https://doi.org/10.7554/eLife.54670.sa1

Author response

Summary:

This is an important manuscript describing the first near atomic resolution structure of a pannexin channel, a family of large pore channels thought to be important for the movement of ions and small molecules (e.g. ATP) across cellular membranes. The mechanisms by which the activity of pannexin channels are regulated are unknown, yet these channels are thought to play important roles in innate immunity, neuronal signaling, apoptosis, cancer and ischemia. Having a structure of the channel will enable further mechanistic studies on how this protein plays important biological roles. The reviewers thought this was an excellent manuscript that is appropriate for publication in eLife. As is spelled out in the reviews below, all three reviewers have suggestions for improving the manuscript in revision. Most of the issues they raise can be readily addressed by careful revision of the text to openly discuss unresolved questions or to tone down some conclusions (e.g. the potential CBX binding site). We ask that you prepare a revised version that addresses the issues raised to the best of your ability.

We thank the reviewers for the valuable comments. As suggested, we have toned down uncertain conclusions and added more discussion throughout the manuscript, especially on the limitations of our current study. We believe our revised and retitled manuscript addresses the concerns raised by the reviewers. Below we summarize our point-by-point answers/comments to the suggestions made by the reviewers.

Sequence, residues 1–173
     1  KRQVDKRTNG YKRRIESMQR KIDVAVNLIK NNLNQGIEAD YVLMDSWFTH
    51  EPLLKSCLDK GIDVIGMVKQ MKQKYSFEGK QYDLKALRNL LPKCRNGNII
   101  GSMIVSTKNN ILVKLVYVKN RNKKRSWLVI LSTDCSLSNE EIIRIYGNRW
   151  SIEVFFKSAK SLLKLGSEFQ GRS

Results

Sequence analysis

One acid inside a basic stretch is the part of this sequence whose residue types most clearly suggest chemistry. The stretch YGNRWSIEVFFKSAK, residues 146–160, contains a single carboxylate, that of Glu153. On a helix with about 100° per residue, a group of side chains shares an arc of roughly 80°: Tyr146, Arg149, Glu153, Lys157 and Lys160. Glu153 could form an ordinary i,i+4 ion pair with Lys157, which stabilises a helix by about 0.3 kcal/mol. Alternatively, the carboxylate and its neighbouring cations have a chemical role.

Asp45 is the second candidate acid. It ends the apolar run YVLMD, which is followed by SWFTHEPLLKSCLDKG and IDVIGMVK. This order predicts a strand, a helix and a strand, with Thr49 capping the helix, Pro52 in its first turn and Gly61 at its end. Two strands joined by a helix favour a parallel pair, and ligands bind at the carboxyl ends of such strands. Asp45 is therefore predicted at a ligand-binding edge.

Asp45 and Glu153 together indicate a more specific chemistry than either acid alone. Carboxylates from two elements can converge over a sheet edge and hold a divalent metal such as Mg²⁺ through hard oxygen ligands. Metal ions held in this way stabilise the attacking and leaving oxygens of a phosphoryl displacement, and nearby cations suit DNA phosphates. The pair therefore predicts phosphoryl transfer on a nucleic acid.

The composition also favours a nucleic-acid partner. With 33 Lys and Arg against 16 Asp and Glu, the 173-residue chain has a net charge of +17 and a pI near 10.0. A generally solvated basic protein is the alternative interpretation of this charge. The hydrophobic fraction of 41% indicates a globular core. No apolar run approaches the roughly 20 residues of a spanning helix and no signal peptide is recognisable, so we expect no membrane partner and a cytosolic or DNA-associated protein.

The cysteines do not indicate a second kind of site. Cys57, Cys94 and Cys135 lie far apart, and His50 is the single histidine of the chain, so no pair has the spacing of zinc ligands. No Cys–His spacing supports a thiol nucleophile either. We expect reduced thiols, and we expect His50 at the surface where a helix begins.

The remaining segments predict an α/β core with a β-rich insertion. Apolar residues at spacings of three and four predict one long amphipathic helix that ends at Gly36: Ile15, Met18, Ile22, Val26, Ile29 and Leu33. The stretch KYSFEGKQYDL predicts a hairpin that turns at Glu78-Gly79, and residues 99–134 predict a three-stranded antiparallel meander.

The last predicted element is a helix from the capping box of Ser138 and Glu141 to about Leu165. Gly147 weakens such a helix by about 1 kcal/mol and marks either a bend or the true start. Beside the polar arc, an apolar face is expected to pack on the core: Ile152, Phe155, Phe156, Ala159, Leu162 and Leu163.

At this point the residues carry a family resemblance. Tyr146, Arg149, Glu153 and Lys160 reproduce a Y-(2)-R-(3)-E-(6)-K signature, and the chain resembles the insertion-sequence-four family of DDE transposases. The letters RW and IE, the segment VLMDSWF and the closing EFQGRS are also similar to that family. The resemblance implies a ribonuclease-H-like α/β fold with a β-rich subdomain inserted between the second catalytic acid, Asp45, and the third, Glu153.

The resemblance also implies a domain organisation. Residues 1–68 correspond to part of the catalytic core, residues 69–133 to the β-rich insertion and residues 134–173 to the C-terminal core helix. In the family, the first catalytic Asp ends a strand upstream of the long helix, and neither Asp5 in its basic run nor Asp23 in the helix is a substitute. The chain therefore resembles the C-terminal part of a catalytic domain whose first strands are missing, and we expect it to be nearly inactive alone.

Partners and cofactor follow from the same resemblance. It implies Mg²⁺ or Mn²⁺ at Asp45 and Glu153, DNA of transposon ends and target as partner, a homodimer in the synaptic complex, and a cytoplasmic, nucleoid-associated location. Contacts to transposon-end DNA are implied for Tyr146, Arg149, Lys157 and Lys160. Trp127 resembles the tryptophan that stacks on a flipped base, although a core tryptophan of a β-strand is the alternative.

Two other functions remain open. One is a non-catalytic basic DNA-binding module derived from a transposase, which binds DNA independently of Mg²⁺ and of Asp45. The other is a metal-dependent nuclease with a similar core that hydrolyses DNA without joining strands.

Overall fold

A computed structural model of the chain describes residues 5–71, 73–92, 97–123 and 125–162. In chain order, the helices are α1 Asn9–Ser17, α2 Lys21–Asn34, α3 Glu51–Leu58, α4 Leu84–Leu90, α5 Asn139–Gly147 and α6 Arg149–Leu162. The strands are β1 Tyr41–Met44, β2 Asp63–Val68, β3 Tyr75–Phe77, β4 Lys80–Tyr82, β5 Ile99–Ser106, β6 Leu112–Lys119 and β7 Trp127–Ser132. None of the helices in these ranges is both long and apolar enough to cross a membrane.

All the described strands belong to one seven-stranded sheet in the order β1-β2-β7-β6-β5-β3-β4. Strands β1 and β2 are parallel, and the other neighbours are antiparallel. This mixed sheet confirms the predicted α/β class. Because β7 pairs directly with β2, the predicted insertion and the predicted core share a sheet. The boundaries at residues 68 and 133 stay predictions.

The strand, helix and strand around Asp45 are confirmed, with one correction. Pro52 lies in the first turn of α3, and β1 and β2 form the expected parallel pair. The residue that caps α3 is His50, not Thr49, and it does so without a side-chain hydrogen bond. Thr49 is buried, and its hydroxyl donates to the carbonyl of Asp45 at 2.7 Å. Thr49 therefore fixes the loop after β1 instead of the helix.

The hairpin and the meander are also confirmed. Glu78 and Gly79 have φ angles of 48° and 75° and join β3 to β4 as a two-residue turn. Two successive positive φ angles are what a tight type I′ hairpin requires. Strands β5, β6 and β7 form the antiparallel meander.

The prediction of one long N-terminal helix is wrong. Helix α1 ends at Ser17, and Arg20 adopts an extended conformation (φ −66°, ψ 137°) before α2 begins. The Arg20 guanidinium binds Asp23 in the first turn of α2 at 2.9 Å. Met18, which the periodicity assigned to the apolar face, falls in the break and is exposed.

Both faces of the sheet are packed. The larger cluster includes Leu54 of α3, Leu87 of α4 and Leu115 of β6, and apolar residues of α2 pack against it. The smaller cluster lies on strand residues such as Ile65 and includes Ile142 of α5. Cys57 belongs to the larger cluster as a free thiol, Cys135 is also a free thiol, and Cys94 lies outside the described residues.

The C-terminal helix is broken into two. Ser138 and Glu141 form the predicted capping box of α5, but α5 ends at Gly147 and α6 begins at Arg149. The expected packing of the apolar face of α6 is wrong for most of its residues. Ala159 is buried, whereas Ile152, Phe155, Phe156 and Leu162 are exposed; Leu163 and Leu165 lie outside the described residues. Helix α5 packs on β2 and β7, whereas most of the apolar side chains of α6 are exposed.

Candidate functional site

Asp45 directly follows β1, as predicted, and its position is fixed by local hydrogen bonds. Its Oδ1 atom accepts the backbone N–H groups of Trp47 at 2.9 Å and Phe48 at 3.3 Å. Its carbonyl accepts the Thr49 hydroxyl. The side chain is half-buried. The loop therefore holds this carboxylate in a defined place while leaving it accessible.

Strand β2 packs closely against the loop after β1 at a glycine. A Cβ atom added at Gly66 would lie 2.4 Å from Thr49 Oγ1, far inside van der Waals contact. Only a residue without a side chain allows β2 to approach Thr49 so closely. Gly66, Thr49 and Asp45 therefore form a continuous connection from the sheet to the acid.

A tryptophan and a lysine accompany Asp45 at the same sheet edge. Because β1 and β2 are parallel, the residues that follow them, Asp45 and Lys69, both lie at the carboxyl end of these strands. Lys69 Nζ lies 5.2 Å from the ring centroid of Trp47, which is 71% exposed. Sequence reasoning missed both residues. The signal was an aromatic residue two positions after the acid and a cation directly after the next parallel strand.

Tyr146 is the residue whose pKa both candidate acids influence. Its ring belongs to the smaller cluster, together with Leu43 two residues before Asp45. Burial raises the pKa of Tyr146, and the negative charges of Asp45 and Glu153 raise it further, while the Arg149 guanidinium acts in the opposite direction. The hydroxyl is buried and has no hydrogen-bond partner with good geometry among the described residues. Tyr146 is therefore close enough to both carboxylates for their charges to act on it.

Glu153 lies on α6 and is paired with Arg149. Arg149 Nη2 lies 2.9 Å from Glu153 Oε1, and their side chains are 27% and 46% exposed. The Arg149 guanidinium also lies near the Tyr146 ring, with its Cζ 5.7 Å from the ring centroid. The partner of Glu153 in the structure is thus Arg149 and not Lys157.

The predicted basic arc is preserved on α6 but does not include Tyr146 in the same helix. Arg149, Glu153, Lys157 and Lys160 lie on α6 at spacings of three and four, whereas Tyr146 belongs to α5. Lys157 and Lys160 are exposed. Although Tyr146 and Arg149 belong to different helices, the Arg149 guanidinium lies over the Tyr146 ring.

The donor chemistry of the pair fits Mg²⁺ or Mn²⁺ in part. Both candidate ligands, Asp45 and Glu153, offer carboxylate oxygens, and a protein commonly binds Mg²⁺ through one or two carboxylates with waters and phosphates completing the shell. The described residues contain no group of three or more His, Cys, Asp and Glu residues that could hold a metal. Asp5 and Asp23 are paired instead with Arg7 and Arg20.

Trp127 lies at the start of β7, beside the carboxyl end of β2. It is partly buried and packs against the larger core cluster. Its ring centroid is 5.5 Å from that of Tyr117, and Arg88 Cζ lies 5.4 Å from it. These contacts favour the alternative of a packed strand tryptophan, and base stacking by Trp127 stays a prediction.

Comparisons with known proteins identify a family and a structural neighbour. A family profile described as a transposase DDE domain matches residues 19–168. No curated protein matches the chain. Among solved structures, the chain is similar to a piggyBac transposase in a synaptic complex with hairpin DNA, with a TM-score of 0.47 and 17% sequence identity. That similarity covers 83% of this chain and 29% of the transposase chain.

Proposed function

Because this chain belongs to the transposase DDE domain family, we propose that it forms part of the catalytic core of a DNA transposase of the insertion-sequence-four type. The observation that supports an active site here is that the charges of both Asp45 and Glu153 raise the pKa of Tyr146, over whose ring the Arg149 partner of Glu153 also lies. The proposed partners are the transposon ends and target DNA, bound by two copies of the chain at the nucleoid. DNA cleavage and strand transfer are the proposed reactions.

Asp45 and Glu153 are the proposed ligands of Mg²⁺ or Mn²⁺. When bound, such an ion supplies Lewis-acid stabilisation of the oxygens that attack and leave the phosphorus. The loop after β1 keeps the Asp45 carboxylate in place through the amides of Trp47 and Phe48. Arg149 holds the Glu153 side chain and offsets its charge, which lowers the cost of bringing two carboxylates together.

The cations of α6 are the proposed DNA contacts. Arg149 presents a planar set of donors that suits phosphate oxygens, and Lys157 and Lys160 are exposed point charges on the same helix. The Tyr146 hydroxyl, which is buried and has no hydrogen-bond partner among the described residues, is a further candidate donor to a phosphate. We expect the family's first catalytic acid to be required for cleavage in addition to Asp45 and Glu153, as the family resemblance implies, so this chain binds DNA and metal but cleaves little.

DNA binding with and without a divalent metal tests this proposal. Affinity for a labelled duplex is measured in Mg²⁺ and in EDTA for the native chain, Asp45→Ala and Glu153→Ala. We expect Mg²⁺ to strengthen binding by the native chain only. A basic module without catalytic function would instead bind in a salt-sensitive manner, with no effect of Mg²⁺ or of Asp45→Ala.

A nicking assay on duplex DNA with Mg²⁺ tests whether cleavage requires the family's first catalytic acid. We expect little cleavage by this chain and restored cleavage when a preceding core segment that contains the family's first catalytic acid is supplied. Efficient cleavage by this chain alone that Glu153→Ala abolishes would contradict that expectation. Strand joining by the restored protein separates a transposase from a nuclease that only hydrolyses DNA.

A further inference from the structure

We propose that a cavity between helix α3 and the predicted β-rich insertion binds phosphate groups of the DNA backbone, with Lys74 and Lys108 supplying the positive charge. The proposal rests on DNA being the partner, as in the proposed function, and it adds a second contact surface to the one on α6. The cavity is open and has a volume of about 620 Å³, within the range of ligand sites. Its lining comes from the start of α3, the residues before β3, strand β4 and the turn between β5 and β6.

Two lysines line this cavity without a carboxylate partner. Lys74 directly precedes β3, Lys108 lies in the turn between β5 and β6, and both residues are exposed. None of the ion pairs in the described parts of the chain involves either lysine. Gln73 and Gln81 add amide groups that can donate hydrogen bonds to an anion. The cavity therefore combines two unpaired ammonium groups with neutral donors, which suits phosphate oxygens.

Reviewer #1:

[…]

Essential revisions:

1) As stated by the authors, the NT region has been shown to regulate gating and permeation in pannexin-1 channels. In this presented pannexin-1 structure the first 10 residues of the NT region are not resolved. The remaining residues are lining the pore as shown for other large pore channels including connexin, innexin and LRRC8 channels. Importantly, the intracellular loops in the aforementioned structures are critical for stabilizing the N-terminal region. This has been more recently demonstrated for connexin hemichannels. To solve the pannexin-1 structure, the authors had to remove 24 amino acids from the first ICL. How the deletion of this segment could alter the interactions between ICL1, ICL2, and NT, and the potential implications in channel gating or selectivity need to be discussed.